Suddenly a new use is found for your widgets, and the sales double in just a few months. You absolutely must find extra equipment and employees to handle the increased volume. So you hire a consultant who fixes you up with automated equipment which can handle the entire increase, and better yet, can be run by only one new employee. You are back in clover.
Now let's take a look at what happened here. Job creation was dependent upon two variables: it was directly proportional to sales and inversely proportional to operational efficiency. Tax adjustment was useless, at least for the small business.
In the old days the mantra for business success was location, location, location. Not any more – these days success is determined by customers, customers, customers.
Mr. Romney, please take note.
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My books, “There Are Only Seven Jokes” and “The Spirit Runs Through It” are available in paperback or Kindle at Amazon.

Tuesday, September 11, 2012

Clint Eastwood, Political Expert.

I have just finished watching Clint Eastwood's speech to the Republican National Convention for the umpteenth time, and since just about everyone else has already sounded off on the matter, I have decided it is now my turn. Although as a liberal I am expected to disagree with everything Clint said, there are a few things with which I agree.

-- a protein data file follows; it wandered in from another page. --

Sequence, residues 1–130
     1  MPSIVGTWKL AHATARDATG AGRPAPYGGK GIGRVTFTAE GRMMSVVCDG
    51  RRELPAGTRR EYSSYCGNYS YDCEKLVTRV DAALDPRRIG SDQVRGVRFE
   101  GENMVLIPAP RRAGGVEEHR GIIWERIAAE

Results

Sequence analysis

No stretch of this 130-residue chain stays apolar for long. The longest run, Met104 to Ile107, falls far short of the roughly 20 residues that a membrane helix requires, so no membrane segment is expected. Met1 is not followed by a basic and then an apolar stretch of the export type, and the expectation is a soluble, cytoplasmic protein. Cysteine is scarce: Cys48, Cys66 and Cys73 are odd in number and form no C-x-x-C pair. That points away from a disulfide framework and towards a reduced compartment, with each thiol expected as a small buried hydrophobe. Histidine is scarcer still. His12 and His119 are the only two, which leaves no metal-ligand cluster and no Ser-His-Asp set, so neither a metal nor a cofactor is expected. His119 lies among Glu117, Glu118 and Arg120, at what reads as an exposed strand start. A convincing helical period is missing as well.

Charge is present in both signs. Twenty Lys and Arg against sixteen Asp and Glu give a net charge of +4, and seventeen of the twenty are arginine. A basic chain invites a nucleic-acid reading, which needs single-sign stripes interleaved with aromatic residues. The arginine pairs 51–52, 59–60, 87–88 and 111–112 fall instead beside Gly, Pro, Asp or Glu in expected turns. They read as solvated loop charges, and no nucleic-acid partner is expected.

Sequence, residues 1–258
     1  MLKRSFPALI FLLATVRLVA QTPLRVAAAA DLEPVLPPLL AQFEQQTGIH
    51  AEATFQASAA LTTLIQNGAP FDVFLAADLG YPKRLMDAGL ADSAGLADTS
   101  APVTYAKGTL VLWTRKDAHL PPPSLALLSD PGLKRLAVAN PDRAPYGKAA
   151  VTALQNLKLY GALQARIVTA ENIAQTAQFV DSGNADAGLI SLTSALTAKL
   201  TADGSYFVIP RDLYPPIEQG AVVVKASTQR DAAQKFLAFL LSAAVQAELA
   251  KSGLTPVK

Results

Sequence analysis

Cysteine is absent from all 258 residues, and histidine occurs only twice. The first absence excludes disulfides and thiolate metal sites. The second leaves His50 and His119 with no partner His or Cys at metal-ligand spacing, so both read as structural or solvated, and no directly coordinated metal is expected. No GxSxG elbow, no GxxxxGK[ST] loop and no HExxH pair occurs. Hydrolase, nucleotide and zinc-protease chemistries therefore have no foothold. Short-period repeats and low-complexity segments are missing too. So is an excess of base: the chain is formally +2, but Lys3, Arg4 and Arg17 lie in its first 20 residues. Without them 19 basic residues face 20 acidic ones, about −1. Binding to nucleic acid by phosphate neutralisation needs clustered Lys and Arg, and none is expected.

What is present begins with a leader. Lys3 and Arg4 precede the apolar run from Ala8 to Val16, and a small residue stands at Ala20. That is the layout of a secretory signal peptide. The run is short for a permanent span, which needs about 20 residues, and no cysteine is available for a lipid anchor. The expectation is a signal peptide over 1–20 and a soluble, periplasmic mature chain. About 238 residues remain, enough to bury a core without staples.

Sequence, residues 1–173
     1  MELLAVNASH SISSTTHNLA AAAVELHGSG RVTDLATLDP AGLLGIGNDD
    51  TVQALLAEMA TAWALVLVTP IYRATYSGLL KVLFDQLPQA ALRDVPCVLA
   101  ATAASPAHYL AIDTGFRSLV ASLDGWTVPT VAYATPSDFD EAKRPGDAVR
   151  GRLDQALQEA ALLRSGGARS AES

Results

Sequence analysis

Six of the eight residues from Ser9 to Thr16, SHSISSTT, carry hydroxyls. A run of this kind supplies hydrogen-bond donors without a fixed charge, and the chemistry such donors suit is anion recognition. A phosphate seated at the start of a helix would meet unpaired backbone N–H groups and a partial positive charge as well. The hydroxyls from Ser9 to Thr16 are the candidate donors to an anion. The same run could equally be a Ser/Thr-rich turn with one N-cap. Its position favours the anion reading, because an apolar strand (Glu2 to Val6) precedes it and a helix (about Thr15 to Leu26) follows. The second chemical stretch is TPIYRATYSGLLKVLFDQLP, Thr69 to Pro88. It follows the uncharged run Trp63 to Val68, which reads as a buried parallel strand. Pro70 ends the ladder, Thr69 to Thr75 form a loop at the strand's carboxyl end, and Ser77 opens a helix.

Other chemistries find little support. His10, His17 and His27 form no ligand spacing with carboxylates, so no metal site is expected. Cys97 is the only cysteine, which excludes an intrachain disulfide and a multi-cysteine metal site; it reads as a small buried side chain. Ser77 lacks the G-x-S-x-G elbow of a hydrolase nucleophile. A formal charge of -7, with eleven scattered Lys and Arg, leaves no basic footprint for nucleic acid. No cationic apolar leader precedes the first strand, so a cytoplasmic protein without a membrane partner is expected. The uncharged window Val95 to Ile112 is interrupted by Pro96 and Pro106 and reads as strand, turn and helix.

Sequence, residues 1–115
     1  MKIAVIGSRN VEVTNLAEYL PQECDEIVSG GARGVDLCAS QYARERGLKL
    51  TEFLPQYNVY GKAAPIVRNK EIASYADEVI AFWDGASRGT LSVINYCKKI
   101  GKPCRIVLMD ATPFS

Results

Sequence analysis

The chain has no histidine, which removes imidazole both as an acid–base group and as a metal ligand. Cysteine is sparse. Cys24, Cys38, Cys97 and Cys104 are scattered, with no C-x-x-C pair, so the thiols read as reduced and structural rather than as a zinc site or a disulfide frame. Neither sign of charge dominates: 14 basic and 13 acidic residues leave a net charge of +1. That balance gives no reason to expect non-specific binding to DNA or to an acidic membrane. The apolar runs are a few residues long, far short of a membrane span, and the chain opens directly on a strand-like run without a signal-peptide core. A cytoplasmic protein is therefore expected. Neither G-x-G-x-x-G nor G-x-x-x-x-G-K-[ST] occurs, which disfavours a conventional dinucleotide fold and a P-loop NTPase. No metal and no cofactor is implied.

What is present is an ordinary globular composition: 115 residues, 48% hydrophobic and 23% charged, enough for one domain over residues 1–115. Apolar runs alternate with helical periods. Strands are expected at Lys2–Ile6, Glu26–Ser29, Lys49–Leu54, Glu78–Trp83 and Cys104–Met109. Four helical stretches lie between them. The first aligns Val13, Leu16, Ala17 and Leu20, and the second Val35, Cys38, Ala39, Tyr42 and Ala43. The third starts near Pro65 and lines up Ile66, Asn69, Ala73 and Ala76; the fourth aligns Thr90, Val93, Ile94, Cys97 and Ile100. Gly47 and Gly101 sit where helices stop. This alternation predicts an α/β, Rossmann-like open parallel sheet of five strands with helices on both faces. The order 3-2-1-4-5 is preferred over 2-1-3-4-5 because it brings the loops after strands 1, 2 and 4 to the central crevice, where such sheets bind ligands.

For example, I think it would be a good idea to end the adventure in Afghanistan. Our objective was to get Osama bin Laden, and we have done so. As Clint said, we should have consulted the Russians on the problems of stabilizing that country – if we had, we would have left when we got Osama.
It is not as if we are fighting for the security of the United States; it is extremely doubtful that the Afghans would attack us if we left. The rest of the world knows the tribal situation in Afghanistan, and is laughing at our stupidity.
Clint also mentioned that some of us in Obama's own party are disappointed that the economic problems of the country have not been solved, which is true, but we also realize that the solution is not dependent upon who is in office. As long as there are people in this world who are willing to work for pennies per hour, the jobs will flow in their direction. (Mr. Romney's tenure at Bain Capital is a prime example.) And as long as robots and software continue to displace people, the ranks of the unemployed will grow.
Mr. Eastwood may be correct in assuming that attorneys in government may not be a good thing - I won't speculate on that - but he neglected to mention that Mr. Romney has a Juris Doctorate from Harvard. Perhaps Clint forgot that during a senior moment.